Study finds investment benefits vary by admissions competitiveness

Matthew Hart

Institutions of higher education with relatively low competition for admissions are more likely to increase their application rates by investing in commodities such as athletics and facilities, according to a report released Monday by the National Bureau of Economic Research.

The study examined the impact of various investments on the application rates at approximately 1,300 universities. Universities that are more competitive in admissions are more likely to see their application rates rise if they invest in academics, while universities that are less competitive are not affected as much by investing in the academics.

The University of Texas tends to be a more competitive university in terms of admissions, according to enrollment data in recent years. All public higher education institutions in Texas are required to automatically admit the top 10 percent of public high school seniors, but UT is the exception. Currently the University automatically admits the top 8 percent, but in 2014 the University will automatically admit the top 7 percent according to UT spokeswoman Tara Doolittle.

Kimberly Beckwith, a kinesiology and health education lecturer, said some of the non-academic commodities that attract students might not be a distraction but rather a benefit to the academic aspects of a university.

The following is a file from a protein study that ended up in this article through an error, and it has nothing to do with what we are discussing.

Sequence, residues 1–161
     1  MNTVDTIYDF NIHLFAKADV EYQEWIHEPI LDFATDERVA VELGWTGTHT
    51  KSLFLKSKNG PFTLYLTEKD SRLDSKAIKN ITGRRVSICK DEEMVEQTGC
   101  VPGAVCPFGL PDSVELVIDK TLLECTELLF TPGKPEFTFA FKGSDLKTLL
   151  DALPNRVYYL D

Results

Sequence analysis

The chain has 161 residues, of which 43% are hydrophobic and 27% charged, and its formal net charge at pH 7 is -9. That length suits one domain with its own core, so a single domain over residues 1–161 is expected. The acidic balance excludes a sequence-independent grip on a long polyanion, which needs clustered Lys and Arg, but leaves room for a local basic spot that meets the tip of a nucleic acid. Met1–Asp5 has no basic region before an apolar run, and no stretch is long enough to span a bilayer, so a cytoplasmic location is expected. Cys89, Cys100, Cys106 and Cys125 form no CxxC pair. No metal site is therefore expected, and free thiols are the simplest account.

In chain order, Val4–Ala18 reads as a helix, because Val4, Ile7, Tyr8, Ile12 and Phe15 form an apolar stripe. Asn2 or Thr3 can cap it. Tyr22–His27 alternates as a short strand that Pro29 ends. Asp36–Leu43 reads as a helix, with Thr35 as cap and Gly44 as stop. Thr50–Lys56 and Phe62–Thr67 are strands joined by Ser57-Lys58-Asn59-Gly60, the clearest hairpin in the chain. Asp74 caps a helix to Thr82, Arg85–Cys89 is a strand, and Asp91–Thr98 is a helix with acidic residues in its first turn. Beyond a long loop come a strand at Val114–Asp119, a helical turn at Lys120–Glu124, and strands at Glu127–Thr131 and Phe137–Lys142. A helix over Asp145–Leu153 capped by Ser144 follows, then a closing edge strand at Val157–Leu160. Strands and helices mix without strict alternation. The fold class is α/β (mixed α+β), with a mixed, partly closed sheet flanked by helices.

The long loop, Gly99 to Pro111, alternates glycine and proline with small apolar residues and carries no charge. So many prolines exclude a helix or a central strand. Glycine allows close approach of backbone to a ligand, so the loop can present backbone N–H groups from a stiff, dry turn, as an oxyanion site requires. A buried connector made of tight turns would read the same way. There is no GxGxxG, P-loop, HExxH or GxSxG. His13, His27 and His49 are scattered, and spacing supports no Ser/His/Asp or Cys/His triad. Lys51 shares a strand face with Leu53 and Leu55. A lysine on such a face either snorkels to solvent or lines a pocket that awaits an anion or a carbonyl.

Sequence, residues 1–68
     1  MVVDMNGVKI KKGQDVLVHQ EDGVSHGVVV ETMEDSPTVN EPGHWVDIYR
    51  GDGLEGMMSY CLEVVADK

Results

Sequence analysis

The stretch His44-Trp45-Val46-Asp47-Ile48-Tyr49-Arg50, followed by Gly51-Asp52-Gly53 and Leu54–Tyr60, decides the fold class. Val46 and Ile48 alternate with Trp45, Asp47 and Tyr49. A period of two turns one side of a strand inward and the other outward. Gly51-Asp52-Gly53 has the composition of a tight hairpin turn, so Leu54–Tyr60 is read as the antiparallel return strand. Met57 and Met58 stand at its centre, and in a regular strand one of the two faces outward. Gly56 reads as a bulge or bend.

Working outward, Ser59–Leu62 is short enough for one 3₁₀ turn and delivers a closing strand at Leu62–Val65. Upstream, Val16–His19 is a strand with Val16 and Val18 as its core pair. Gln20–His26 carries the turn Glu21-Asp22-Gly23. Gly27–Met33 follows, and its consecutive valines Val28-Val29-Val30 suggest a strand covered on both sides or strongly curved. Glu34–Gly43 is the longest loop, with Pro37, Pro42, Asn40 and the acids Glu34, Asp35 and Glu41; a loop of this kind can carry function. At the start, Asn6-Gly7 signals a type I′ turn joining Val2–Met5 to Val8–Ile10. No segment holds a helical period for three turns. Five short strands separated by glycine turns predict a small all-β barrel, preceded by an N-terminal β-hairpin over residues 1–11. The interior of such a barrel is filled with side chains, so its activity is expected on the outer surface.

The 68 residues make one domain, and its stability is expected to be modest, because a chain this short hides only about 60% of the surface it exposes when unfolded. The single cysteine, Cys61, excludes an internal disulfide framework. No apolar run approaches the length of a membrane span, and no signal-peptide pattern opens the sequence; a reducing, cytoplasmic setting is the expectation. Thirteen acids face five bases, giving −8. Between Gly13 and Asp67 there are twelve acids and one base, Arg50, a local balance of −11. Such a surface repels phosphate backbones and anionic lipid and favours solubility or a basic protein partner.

“Sports and physical education have actually gained a little more respect in academics and there is a growing amount of interest in our department,” Beckwith said.

Beckwith said recreational sports themselves are popular and different levels of sports have become new areas of research interests and study interests.

Doolittle said the admissions staff is reviewing a record number of applications this year and several factors influence the competition. 

“When you consider that a large proportion of our enrollment is reserved for our automatic admission students, we are one of the most competitive public colleges in the nation,” Doolittle said. “Athletics does contribute to the institution as does a number of our other self-supporting auxiliary functions. That support helps insure that we have academic offerings of the highest caliber.”

While students at UT can reap the benefits of a world-class stadium and enjoy convenient access to fast food and coffee shops alike, it does not seem to be the only thing attracting students to the University. Biology freshman Michael Walker said he found the academics of the University the most compelling while considering which college to attend.

“I definitely feel I was more attracted to the academics of UT than the sports and facilities,” Walker said. “I mean people get hyped up from the football games and the giant stadium, and they’re nice and all but unless you are actually aspiring to be a professional athlete, I think UT is better off spending more money on academics because that’s more of a realistic goal.”